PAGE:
Are Philly’s Trinities the Original Tiny Houses?

Atlas Obscura makes the case.

trinity house at 2026-Tyron-Street-Philadelphia-PA-featured-image

Have you heard of the Tiny House movement? It’s kind of cool, and it’s pretty much exactly what it sounds like: People build houses — baths, beds, kitchens, the whole works — that are so small that, in many cases, they fit on a trailer and can be carried from site to site.

Sort of like this:

It’s a popular movement, though not, it seems, so much in big cities. Why not? Well, the Atlas Obscura website makes the case that Philly’s Trinity Houses are the original tiny house — just “older and cuter,” so compact that living in one amounts to living in “a very large stairwell.”

One excerpt:

The trinity is Philadelphia’s version of the age-old problem of low-cost, high-efficiency urban housing. In the American south, that take would be shotgun homes. In New York, it’s tenements, and sometimes railroad apartments. These were all designed for the poorest workers, and were usually rented. In other cities, they remain rentals, but, says Suzanne Dreitlin, a trinity owner and proprietor of Rowhouse Magazine, “Philly is very much a house city. More houses, fewer apartments.” Philadelphia is the only major city in the northeast where home-owning is common, largely thanks to the comparatively low house prices.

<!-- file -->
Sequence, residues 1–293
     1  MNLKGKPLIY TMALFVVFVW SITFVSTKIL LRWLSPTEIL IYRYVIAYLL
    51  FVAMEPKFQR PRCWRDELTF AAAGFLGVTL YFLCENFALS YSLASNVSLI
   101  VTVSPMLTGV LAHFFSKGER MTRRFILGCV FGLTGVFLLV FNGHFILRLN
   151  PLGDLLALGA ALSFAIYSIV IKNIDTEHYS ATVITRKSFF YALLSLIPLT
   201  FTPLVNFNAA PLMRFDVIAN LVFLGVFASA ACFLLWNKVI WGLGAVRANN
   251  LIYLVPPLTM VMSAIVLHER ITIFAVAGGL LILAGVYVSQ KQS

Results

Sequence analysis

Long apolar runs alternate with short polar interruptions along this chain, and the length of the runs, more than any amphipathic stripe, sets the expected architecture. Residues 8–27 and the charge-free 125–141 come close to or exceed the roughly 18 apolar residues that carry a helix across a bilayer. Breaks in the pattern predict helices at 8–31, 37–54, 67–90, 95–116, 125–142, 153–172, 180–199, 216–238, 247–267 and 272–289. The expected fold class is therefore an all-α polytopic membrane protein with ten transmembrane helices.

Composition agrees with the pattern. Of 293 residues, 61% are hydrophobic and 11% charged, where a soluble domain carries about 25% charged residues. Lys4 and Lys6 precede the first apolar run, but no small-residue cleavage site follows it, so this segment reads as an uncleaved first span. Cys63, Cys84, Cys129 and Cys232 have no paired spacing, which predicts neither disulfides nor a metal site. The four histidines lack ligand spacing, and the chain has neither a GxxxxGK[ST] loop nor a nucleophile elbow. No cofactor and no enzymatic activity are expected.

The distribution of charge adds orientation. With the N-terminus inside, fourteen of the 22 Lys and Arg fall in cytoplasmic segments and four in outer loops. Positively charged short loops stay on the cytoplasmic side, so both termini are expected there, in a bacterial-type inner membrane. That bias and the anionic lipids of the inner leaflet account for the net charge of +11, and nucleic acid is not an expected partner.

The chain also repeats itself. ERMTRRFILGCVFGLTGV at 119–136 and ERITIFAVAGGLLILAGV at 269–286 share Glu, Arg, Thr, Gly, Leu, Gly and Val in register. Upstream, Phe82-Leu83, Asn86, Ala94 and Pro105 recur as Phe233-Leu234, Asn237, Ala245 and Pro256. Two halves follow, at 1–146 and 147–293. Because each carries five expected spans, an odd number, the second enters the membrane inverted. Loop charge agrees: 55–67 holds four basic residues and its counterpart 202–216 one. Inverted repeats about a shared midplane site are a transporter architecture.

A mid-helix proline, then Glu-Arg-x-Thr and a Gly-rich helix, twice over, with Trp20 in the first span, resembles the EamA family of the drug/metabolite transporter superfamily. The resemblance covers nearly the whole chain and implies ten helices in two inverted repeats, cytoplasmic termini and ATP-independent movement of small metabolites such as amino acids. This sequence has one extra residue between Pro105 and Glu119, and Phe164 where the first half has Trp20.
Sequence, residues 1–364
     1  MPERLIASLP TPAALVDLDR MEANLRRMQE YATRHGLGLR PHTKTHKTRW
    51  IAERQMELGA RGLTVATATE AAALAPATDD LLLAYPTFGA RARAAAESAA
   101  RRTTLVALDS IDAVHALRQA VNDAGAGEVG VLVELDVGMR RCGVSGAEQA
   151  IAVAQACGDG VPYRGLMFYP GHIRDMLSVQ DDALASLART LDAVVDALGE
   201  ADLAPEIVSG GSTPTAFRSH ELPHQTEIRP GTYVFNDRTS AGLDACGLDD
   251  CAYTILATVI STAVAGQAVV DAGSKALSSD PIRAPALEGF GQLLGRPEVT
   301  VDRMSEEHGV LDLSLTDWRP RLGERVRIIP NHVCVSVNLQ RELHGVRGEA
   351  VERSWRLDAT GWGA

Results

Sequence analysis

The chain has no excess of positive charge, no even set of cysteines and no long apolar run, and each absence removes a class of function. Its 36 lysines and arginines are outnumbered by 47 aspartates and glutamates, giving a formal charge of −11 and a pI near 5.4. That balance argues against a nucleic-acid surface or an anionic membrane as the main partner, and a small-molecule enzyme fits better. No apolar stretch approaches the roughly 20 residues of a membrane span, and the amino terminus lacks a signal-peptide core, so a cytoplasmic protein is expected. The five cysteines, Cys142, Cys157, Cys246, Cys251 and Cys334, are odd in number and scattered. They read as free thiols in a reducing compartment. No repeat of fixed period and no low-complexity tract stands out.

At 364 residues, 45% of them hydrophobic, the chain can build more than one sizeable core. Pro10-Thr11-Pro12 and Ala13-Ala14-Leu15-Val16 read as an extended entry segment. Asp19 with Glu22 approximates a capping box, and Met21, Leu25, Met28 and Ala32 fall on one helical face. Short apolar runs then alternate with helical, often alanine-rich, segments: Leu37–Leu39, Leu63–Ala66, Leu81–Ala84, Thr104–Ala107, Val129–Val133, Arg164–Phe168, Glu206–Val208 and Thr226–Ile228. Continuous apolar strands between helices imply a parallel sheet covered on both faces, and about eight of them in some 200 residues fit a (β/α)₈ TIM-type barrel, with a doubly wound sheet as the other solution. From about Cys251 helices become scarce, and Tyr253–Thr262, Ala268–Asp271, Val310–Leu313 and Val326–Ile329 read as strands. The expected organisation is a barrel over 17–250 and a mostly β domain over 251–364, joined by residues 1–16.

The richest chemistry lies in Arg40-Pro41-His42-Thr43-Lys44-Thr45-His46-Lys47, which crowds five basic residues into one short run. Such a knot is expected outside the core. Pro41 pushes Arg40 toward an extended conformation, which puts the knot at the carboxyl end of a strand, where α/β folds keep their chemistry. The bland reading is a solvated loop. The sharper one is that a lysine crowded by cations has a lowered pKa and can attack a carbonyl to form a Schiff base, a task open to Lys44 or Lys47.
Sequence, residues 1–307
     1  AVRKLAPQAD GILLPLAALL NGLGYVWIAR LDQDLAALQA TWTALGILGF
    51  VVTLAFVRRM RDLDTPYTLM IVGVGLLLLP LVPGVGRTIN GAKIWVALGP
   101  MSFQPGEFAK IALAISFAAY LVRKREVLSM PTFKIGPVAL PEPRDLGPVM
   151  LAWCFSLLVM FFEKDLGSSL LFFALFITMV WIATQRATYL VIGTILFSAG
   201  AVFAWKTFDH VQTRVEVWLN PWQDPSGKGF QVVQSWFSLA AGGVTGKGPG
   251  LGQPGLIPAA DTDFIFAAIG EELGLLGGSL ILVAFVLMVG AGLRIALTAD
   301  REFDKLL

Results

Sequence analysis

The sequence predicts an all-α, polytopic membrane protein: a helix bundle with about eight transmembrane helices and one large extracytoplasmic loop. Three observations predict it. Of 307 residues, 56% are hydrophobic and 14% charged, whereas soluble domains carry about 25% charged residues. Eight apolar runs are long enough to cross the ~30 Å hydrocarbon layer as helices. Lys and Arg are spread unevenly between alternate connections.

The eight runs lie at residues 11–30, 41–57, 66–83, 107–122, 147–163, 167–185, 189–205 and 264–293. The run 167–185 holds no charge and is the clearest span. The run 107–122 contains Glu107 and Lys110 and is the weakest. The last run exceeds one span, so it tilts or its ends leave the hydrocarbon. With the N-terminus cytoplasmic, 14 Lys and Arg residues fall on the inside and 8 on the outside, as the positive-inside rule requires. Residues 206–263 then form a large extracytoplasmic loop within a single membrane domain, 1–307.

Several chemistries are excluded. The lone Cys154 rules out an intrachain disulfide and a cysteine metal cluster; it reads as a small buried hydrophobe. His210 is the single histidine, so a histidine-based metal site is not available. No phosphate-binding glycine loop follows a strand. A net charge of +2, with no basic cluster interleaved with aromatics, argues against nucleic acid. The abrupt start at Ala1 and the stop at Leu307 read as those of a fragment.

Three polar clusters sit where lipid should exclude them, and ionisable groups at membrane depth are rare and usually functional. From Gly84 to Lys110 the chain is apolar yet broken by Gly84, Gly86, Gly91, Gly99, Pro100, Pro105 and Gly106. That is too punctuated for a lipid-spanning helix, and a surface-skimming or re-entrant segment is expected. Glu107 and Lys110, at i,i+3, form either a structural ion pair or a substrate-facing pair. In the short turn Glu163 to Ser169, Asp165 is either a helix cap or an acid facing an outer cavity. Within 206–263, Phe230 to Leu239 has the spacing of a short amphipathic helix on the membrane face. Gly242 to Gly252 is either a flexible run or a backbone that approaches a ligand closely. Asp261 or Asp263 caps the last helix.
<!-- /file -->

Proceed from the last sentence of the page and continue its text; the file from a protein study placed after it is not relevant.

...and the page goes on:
The story includes a shoutout to Philly Mag’s “Trinity Tuesday” series. The whole piece is worth a read.